The Eora nation refers to the collective 29 Aboriginal clans of the Sydney area and when European settlement occurred in 1788, it was estimated that 1,500 indigenous people were living in the region. Sadly, due to the effects of colonisation (such as the introduction of smallpox) that population diminished, leaving Sydney - as we know it today - often underappreciated as a cultural hub for indigenous culture, particularly when compared to other areas of Australia, like the Bundjulung (northern New South Wales) and Yolngu (north-eastern Northern Territory) nations. However, if you have ever assumed that Sydney lacks indigenous culture then you are in for a delicious surprise. The people of Eora were coastal dwellers who lived off and knew the ins and outs of the fruits of the Harbour and its surrounding land, and many of their traditions and practices have been studied and preserved for the modern day.
Since this year’s theme for NAIDOC Week (running from 5 to 12 July) is ‘We all Stand on Sacred Ground: Learn, Respect and Celebrate’ there is no better time to learn, respect and celebrate Australia’s indigenous culture than by getting out and about in your local area for some education and understanding.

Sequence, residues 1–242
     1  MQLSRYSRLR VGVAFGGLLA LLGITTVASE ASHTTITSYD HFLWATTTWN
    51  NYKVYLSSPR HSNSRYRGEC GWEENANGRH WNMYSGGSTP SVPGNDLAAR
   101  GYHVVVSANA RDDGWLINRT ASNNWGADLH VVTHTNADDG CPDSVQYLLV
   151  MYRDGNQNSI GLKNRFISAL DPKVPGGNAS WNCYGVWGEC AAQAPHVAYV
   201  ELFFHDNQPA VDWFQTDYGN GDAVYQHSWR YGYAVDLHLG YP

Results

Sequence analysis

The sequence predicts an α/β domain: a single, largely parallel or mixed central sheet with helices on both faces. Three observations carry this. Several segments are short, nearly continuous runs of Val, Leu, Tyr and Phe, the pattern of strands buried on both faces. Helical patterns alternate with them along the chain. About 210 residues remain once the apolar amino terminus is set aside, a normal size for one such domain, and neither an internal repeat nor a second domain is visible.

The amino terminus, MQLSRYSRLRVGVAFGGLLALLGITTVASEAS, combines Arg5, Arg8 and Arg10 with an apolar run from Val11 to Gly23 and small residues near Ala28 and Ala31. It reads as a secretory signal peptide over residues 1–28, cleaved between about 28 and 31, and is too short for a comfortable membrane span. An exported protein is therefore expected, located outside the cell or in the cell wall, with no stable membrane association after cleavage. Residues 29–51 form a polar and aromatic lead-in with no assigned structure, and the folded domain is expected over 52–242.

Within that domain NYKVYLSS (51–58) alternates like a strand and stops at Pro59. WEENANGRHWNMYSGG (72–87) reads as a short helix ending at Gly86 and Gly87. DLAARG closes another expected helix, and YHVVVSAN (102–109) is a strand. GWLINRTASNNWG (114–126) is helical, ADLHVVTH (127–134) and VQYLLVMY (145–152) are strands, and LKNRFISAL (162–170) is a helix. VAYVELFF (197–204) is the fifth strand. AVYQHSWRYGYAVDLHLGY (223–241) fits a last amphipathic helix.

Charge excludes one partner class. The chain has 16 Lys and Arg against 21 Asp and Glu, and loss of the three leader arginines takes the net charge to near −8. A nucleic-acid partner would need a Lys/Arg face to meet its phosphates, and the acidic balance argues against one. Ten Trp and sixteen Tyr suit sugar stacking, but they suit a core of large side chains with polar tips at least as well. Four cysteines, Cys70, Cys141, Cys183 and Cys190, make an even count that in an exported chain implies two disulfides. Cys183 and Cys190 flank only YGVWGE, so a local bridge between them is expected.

1. If it’s food and handcrafted goods that interests you, the Blak Markets are on today at La Perouse. Look out for Jessica Sinnott who uses native ingredients to create desserts like forest berry toffee and lemon myrtle banoffee pie. Get in quick before they sell out!
First Sunday of every month
Bare Island, La Perouse
2. On the topic of native ingredients, the greatest way to learn more about Sydney’s flora is to take a guided tour through the Botanic Gardens where you will learn the medical and culinary uses for various plants and also be warned about which ones to avoid (unless permanent psychosis or death by diarrhea sounds appealing…)
Royal Botanic Gardens Aboriginal Heritage Tour
Bookings are essential: (02) 9231 8134
3. If you would prefer to listen than to eat then the Dreamtime Southern X The Rocks Dreaming might be right up your alley… or cobbled lane way. Learn about past and present Aboriginal Sydney on a 1.5-hour walking tour through the Rocks.
Dreamtime Southern X The Rocks Dreaming
4. On the corporate side of town, the Australian Museum is currently showing Garrigarang – an exhibition detailing the connections between Indigenous Australians and the coast through a series of artefacts, stories and ceremonial performances about the sea. The museum also hosts guided tours of the First Peoples Gallery.
9.30am – 5.00pm daily
Corner of College and William Streets, Sydney
Free with admission
5. It’s hard to look past Bangarra when listing Sydney’s top 5 indigenous cultural experiences. Bangarra takes the traditional practice of storytelling and combines it with contemporary dance to capture both the historical and modern aspects of this country’s long life and the people who were here first.
For information on Bangarra’s next season, please visit http://bangarra.com.au/